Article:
|The dissapointing after|
| Well while I certainly see your point... it can be rather difficult to backfill pitting just by plating over... you can do it... with a LOT of plating thickness... but then you would stand the risk of backfilling all the neat "engraving" that you want to preserve.|
Whilst not perfect... all in all it looks much better than the pre-plated pic.
Larry "Boneman" Bone - Somewhat of a pitty, that....
| Oh my God! This is what I call "back of the hand service" as in a stinging slap! |
Sorry to see this happen to you.
| Hi Pete & Larry,|
I take your point Larry but I also see Pete's point of view too. If I had sent in these parts for plating I would have expected better than the result Pete got. If you have seen photos of Pete's paint finish and coach lining then you'll know he has an excellent quality of finish on his bikes. I suppose the moral of this tale is to do all the prep work your self and only entrust the plating to the platers. Methinks that the bumpers (fenders) from a classic car would have got better treatment. I think there may be a tendency to say 'its only bits of some old bike' rather than deal with the parts as a quality part of vintage machinery.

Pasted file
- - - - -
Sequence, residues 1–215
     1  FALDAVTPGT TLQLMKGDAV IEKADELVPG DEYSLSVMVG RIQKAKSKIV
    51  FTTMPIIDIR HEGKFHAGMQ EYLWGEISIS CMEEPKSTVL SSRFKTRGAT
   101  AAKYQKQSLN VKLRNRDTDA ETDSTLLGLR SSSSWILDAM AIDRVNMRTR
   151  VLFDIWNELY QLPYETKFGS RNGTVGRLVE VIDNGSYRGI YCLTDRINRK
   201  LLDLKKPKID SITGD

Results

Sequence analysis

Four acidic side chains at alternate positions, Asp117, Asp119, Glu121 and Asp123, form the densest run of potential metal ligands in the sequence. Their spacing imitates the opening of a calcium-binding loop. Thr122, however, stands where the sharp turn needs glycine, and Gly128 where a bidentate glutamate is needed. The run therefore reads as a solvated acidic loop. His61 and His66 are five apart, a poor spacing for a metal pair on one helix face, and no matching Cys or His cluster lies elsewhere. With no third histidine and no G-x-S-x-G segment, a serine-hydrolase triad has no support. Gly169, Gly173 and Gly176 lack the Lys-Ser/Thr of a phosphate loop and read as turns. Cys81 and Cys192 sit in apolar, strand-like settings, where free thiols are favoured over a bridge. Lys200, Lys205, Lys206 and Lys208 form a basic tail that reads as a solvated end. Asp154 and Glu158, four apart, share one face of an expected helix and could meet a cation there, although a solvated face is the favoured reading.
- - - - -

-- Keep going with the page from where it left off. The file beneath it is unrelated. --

Pete perhaps a classic car restorer can recommend a better plater?
Matthew - rising with very little shine.
| I'm afraid not,I have and do restore old cars so have info readily at hand about local platers and I am afraid where I took the item was the only choice.The old guy who used to do it seems to be not there any more and standards have slipped somewhat.It did cross my mind beforehand to have the engraving recut prior to plating but after discussion,numerous photos and in the end driving to the platers to show him the item and my concerns he assured me that all would be good with it and the engraving and the end result would be at least acceptable.Perhaps after removing the original finish the base was worse than at first thought hence the poor finish.I will know better next time and do it all apart from the plating myself.If you study the images of the end result you will see that even the easily polishable parts are in a poor state.|